44 C わ 4 2 A R な た Ma 〃 ag ビ 川 厩 孖 4 川 e 曜 0 黻 Business risk identification helps tO define and steer use Of particular technical methods for extracting, measurmg, and mitigating software risk glven var1011S software artifacts. identification Of business riSkS a necessary foundation that allows software risk (especially impact) t0 be quantified and described in business terms. ThiS makes impact statements tangible and spurs actl()n on risk mitigation. The key to making risk management work for any business lies in tying technical risks tO the business context in a meaningful way. The ability tO thoroughly identify and understand risks is thus essential. Uncovering and recognizing technical risks is a high-expertise undertaking that usually reqtllres years Of expenence. But their Of the technical risks are Often not actionable. central to this stage of the RMF is the ability t0 discover and describe technical risks and map them (through business risks) t0 business goals. A technical risk is a situation that runs counter tO the planned design or imple- mentatlon Of the system under consideration. For example, a technical risk may tO the system behaving ln an unexpected way' violating its own design strictures, or failing t0 perform as required. If the builders d0 not make proper use 0f touchpoints, these kinds 0f risks may slip bY unnoticed. Technical risks can also be related to the process of building software. The process an organization f0110 、 may Offer t00 many opportunities for mlS- takes in design or implementation. Technical risks involve impacts such as unexpected system crashes, avoidance Of controls (audit or otherwise)' unauthorized data modification or disclosure, and needless rework Of arti- facts during development. Technical risk identification is supported by the software security touch- points described throughout this b00k. stage 3 : Synthesize and Rank the Risks Large numbers 0f risks will be apparent in almost any given system. ldenti- fying these risks is important, but it is the prioritization Of them that leads directly tO creation Of value. Through the activities Of synthesizing and pri- oritizing risks, the critical 。 。 / hO cares ' question can (and must) be answered. synthesis and prioritization should be driven tO answer questions such as: "What shall we dO first given the current risk situation?" and "\Vhat is the best allocatlon Of resources, especially in terms Of risk mitiga- tlon activities ' clearly, the prioritlzatlon process must take int() account which business goals are the most lmportant tO the organization' which goals are immediately threatened, and how likely technical risks are t0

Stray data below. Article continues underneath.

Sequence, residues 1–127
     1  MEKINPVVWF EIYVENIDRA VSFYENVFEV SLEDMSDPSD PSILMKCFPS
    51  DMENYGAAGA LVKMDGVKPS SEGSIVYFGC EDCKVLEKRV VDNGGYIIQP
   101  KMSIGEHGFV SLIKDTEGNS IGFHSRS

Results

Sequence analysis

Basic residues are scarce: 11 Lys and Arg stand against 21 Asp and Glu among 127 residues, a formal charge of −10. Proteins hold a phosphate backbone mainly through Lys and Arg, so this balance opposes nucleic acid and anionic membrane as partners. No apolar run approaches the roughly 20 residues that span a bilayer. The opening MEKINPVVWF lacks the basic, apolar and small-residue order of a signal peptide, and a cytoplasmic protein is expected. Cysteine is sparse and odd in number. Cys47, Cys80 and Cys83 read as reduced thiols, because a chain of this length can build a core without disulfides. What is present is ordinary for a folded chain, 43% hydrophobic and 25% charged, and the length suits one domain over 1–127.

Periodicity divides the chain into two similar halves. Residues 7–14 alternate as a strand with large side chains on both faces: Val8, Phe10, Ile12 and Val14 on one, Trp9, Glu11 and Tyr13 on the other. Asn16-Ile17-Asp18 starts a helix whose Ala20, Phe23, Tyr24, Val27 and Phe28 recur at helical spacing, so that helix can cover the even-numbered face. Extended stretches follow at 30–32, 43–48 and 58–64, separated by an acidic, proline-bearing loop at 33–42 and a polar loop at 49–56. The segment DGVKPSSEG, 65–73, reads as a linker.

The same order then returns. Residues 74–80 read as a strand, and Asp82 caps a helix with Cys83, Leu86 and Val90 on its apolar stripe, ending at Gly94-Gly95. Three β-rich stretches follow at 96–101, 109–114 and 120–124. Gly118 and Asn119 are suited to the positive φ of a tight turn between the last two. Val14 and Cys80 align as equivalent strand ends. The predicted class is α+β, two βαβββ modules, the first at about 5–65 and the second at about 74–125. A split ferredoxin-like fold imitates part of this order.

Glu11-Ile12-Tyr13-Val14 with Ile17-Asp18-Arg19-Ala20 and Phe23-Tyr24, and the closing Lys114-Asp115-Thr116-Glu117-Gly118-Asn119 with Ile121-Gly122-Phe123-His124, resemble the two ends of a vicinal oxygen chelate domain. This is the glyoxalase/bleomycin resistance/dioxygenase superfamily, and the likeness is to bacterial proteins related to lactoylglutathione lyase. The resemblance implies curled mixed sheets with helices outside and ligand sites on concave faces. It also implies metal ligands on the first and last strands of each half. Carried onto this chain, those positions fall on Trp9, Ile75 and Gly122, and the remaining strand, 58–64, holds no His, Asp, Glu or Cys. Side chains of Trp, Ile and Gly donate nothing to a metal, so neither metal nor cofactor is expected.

Chapter Three Ba 騰 and Bounce 旧 the blink of an eye 0 bouncing ball slows, changes its spin, slides across and bites intO the court and st 「 ings, squashes and stretches, and rebounds. The very nature Of the game depends on this 5-millisecond sequence Of events. BALL BASICS BALL HISTORY TenniS balls were used many centuries ago in France When they were made from leather and filled with wool or cloth. HoIIow rubber tennis balls were used for the first Wimbledon Championships ⅲ 1872 , but by 1875 they were covered ⅲ white c10 市 stitched 0m0 the ball because of their better playing characteristics. Almost nothing has changed since then, apart frOI れ the compo- sition of the rubber and the cloth. If you remove the cloth from a modern ten- nis ball, you will have almost exactly the same 40-gram, 51-mm diameter rub- ber ball that was used for the 1872 Championships. ln some respects the old rubber ball is easier to play with because it feels a 10t lighter, butthe bounce and flight through the air are a bit erratic. A 40-gram ball is not a whole 10t lighter than a 57-gram ball, but ⅱ feels a whole lotlighter because a rubber ball without its clOth cover is much SOfter. The force on the strings, transmitted through the racquet tO the arm, is therefore a 10 [ smaller. RULES ABOUT BALLS There are more rules in the game of tennis about tennis balls than there are about tennis racquets, strings, or courts. You can play with a five-pound brass racquet strung with fencing wire on an uphill cow paddock according to the 87